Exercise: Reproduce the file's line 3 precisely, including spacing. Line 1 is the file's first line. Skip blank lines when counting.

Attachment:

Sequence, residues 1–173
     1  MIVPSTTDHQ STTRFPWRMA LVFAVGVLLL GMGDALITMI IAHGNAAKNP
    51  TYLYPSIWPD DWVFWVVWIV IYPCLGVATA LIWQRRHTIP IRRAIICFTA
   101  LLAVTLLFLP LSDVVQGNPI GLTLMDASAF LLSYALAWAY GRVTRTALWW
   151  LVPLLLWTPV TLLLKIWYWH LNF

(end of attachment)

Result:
    51  TYLYPSIWPD DWVFWVVWIV IYPCLGVATA LIWQRRHTIP IRRAIICFTA